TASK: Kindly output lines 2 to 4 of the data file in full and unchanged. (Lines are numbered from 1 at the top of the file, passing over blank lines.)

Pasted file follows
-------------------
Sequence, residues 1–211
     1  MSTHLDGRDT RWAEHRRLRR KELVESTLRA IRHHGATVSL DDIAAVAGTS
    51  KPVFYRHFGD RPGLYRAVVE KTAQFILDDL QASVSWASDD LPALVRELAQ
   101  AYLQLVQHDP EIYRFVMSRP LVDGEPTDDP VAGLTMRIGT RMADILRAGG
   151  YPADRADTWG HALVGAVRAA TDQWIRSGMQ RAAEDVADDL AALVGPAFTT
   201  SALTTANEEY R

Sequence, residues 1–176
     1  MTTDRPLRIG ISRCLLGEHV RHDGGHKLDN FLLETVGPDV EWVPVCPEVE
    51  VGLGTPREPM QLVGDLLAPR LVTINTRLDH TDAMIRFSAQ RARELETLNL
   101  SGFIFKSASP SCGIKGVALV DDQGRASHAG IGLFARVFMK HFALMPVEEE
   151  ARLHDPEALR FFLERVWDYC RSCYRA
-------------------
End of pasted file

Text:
     1  MSTHLDGRDT RWAEHRRLRR KELVESTLRA IRHHGATVSL DDIAAVAGTS
    51  KPVFYRHFGD RPGLYRAVVE KTAQFILDDL QASVSWASDD LPALVRELAQ
   101  AYLQLVQHDP EIYRFVMSRP LVDGEPTDDP VAGLTMRIGT RMADILRAGG